Highland Council’s fuel and food support heralded a success
Thousands of Highland households are benefiting from the Highland Council’s local fuel and food support schemes.
The fuel support scheme was launched in the latter part of January last year.
Using COVID-19 funding from the Scottish Government, this non-repayable grant provides a £60 payment per household for those who have been awarded council tax reduction and are having difficulties paying their fuel bills.
There is also a discretionary element to the grant to enable payments to be made in some other circumstances. In the initial three-week period of this important scheme, the council received more than 4,500 applications and worked at pace to ensure this financial support quickly reached households.
At yesterday’s corporate resources committee, elected members welcomed this local fuel support fund and agreed to extend this help to March. Members also welcomed the number of households who opted to take advantage of energy health checks provided by Citizens Advice across the Highlands and praised Council staff for the speed of implementation and efficient ongoing administration of this fund.
To help mitigate the persistent uncertainty and challenges arising from the pandemic, the Highland Council continues its humanitarian support, in partnership with the Community Food Initiative North East (CFINE), which operates FareShare Scotland in the north of Scotland.
With funding from the Scottish Government and donations from supermarkets and food suppliers, FareShare, the Highland Council, local community groups and the Third Sector have adopted a collaborative and co-ordinated approach to food support for the wellbeing of households across the Highlands.
Since the initial lockdown began in March 2020, FareShare has provided approximately 374 tonnes of quality food to the Highlands, which is estimated to be equivalent to over 900,000 meals. The 277 tonnes received by the council continues to be delivered to individual households, with the vast majority being distributed across the network of community groups and used to provide cooked meals and food supplies within local communities.
The council’s partnership with FareShare was first established in February 2019 to alleviate food insecurities for Highland households. At that time, as well as providing doorstep deliveries to individual households, the council began to develop partnerships with a network of faith groups, charities and other support groups that were all involved in food distribution.
This model enabled the council to provide the network with food supplies so that hot meals and food parcels were available for local residents. As a result of the pandemic, this model has been expanded to enable the combined resources to support increasing need within communities.
Commenting on the fuel scheme, Councillor Matthew Reiss, vice chair of the corporate resources, said: “There has been a tremendous response from across the Highlands for this important fuel support grant. This £60 grant was put in place to help mitigate the costs of winter and the growing pressures on family incomes and finances, increasing unemployment and the uncertainty that lies ahead.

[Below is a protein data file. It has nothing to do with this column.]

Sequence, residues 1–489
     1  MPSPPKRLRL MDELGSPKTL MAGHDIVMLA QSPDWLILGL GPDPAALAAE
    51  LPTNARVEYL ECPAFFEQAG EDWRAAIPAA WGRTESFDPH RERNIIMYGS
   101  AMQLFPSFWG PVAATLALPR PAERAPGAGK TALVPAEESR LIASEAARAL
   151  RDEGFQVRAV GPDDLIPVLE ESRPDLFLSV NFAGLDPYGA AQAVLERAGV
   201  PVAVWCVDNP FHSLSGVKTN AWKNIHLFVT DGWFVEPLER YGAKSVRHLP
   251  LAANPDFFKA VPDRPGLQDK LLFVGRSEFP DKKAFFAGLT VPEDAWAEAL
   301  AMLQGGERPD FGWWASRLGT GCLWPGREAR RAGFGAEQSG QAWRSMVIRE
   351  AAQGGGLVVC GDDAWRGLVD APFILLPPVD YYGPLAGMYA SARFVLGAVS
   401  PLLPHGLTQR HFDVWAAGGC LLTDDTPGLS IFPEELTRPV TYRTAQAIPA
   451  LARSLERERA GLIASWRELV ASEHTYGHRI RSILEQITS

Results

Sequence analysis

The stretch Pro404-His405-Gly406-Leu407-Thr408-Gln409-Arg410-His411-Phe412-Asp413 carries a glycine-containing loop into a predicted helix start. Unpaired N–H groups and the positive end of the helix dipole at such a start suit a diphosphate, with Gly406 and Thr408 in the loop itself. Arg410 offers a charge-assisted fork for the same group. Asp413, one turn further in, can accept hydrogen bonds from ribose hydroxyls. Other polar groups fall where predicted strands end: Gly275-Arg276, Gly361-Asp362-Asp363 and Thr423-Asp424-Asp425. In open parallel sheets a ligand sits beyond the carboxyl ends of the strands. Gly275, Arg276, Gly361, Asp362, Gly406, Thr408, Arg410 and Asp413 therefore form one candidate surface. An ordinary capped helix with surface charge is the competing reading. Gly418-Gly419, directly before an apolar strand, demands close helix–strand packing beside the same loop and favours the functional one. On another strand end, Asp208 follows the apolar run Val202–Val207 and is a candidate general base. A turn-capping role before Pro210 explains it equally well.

“Today’s decision means that the council will automatically make these March payments, increasing the total grant payment to £120. The scheme will also remain open for new applications to ensure that this support can still be accessed.
“So far, 5,400 households have applied for this fuel support and application forms continue to be received. Of that, 900 have opted for a home energy health check from their local Citizens Advice. These energy health checks are so important as the energy expertise within Citizens Advice means that the help that is available for individual households is identified and accessed. This includes energy switching, reducing fuel bills and obtaining grants to improve the fuel efficiency of individual homes.”
On the food support programme, he added: “Here in the Highlands, unemployment is increasing and there are around 14,300 furloughed employments. This co-ordinated response therefore ensures that food support can be provided when needs arise.
“The retail value of the supplies provided for the Highlands by FareShare is estimated to be valued at around a staggering £500,000 which is most welcome. However, it reinforces the social and economic impacts that the pandemic has had on people’s daily lives and underlines the ongoing need for council teams to continue to collaborate with communities and the Third Sector to provide a steady supply of quality food.
“There are many excellent examples of collaboration working to achieve positive outcomes for individuals and families across the Highlands. For example, our two local suppliers of household goods for those who have been awarded a community care grant, also distribute and provide food support for our citizens.”
He concluded: “I would encourage those impacted by the pandemic to make use of the expertise within the Council’s Welfare Support Team (Freephone 0800 090 1004) and Citizens Advice for help and advice about the support that is available, including the benefits that are currently unclaimed.”